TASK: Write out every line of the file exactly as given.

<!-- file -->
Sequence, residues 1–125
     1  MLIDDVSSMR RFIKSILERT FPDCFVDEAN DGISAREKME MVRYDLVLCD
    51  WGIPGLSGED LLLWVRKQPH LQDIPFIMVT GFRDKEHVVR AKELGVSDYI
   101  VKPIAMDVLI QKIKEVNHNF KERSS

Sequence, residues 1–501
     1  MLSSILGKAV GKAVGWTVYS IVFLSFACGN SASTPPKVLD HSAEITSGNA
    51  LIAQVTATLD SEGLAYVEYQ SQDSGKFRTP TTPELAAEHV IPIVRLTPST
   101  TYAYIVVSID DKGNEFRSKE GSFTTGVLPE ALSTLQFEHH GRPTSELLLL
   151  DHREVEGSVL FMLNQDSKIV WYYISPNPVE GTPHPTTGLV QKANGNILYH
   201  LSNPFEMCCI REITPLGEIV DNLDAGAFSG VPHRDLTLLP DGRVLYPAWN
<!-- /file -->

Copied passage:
Sequence, residues 1–125
     1  MLIDDVSSMR RFIKSILERT FPDCFVDEAN DGISAREKME MVRYDLVLCD
    51  WGIPGLSGED LLLWVRKQPH LQDIPFIMVT GFRDKEHVVR AKELGVSDYI
   101  VKPIAMDVLI QKIKEVNHNF KERSS

Sequence, residues 1–501
     1  MLSSILGKAV GKAVGWTVYS IVFLSFACGN SASTPPKVLD HSAEITSGNA
    51  LIAQVTATLD SEGLAYVEYQ SQDSGKFRTP TTPELAAEHV IPIVRLTPST
   101  TYAYIVVSID DKGNEFRSKE GSFTTGVLPE ALSTLQFEHH GRPTSELLLL
   151  DHREVEGSVL FMLNQDSKIV WYYISPNPVE GTPHPTTGLV QKANGNILYH
   201  LSNPFEMCCI REITPLGEIV DNLDAGAFSG VPHRDLTLLP DGRVLYPAWN